Art, Fashion & Literature
The dream of Tahiti endures. Artists and writers have been drawn to the islands for centuries, inspired by the tattooed and tikied legends of the beautiful Maohi (Tahitian) people. Even today, paradise is still painted in the watercolors of a pink sunset, and an artist’s palette of azure, cobalt, and turquoise waters. Wrap yourself in the native pareo and let the islands whisper their secrets to you. Translate them into a masterpiece, sketched in a notebook or written in the memory of your mind.
How To Stuff A Wild ... Pareo
Long before Coco Chanel invented the little black dress, there was the pareo. Ancient islanders used their resourceful fashion genius to construct early island wear out of cloth made from pounded bark fiber. Pāreu is a native word meaning wraparound skirt, and this sexy accessory can be fashioned into beach cover-ups, dresses, and loincloths. Originally crafted from tapa fiber, a cloth made from banana leaf, coconut fiber, or wild hibiscus bark, today’s pareos come in cotton, rayon, and silk.
From sunup to sundown a pareo can be tied around the waist as a swimsuit cover-up or draped around the shoulders, bolero style, to ward off air-conditioning and the evening ocean breezes. This Tahitian influence on French style has migrated globally, and you can find pareos on international beaches from St. Barths to St. Tropez. This island original is Tahiti’s number one fashion staple.
Casual Beach Jewelry
When you visit the islands, the mode du jour, or fashion of the day is often nothing more formal than a bathing suit and a cover-up. Capping off your look with casual Polynesian jewelry is effortlessly chic. The locally made accessories are organic, tend to be waterproof, and vibe with tribal overtones. Wear a carved tiki or Marquesan cross necklace with a swimsuit and pareo. A shark’s teeth bracelet constructed with a lanyard of leather will withstand a little seawater if it gets wet. Shade your eyes and protect your skin with a straw hat made from pandanus reeds. It’s easy to step up your look even when you’re playing around in the sun, sand, and sea.
Silk Cord Cuff
The Tiki: Picasso'S Studio And Beyond
One particular piece of Polynesian sculpture caused a real ruckus in the Modern Art world. Around 1907, the artist Pablo Picasso acquired a precious antique Marquesan tiki. It was so important to him that it showed up continually in photos taken of his studios throughout his entire career. The visual aesthetic of the Marquesan idol inspired Picasso so much that he launched the Cubism movement and forever changed the face of Modern Art.
Gauguin: Art and the Artist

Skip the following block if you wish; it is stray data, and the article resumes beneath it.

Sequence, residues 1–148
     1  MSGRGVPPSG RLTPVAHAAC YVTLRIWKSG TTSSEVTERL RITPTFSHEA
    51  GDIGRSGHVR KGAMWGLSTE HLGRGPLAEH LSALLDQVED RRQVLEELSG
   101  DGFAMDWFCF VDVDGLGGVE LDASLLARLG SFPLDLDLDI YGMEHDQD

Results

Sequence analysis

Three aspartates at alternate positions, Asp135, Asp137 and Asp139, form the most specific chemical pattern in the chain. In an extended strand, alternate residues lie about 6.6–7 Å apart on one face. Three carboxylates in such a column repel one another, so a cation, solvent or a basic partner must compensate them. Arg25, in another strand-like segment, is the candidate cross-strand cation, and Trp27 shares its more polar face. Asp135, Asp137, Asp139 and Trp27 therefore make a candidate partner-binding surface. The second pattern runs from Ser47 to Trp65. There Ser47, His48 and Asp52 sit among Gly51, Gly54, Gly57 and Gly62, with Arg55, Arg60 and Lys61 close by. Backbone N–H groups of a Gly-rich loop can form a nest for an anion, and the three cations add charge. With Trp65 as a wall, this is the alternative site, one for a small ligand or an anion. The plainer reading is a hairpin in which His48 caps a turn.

The exoticism of the South Seas’ transfixed Paul Gauguin, and the Post-Impressionist’s wanderlust took him to Papeete in 1891. The painters of the 1800s were the travel writers of their day, and Gauguin introduced the luscious and colorful world of Tahiti to the European continent. Motivated by a love of the uninhibited and mystical culture that his countrymen would find so foreign, he penned Noa Noa as a personal travelogue. Critics believe his greatest works were painted in Tahiti, including his grand opus, Where Do We Come From? What Are We? Where Are We Going? Towards the end of his life he became entranced with the beauty of the even more remote Marquesas Islands. He resettled on Hiva Oa where he continued painting until his death in 1903.
Musée And Espace Culturel Paul Gauguin
When you travel to the Marquesas Islands, don’t miss the unique opportunity to delve deeply into the life of Paul Gauguin. The Espace Culturel Paul Gauguin, on the island of Hiva Oa, houses reproductions of the artist’s work, a replica of his home and serves as a community hub for resident artists.
Espace Culturel Paul Gauguin Atuona | Hiva Oa, French Polynesia</em >
Museum Of Street Art, Tahiti
Today the painted works of Polynesia’s modern masters live on the streets of Tahiti. Graffiti art animates public spaces all over the city of Papeete. Its dynamic and sophisticated presence, perfectly juxtaposes the natural beauty of the island. You can view the art in situ, or visit the Museum Of Street Art inside Papeete’s Vaima Center.
Museum of Street Art Tahiti Avenue du Maréchal Foch Papeete | Tahiti, French Polynesia
Mutiny On The Bounty
Tahiti gained notoriety as the backdrop for a real life naval mutiny. When England was making a name for itself in the 1700s colonizing distant lands, they decided to get into the breadfruit trade. The exotic Polynesian fruit prevented scurvy, which sailors on long voyages were prone to contract. The idea was to transport plants from Tahiti to grow on plantations in the West Indies. One particular ship and its crew experienced an existential crisis when after five months in Tahiti, their captain declared that it was time they pack up their breadfruit cargo and head to the Caribbean.
The crew revolted because they fell in love with Tahiti, and rumor has it, some of its women. When the captain arrived back in England without his ship and crew, it created an international scandal. The captain’s journal was used as evidence to convict the mutineers in a very famous trial.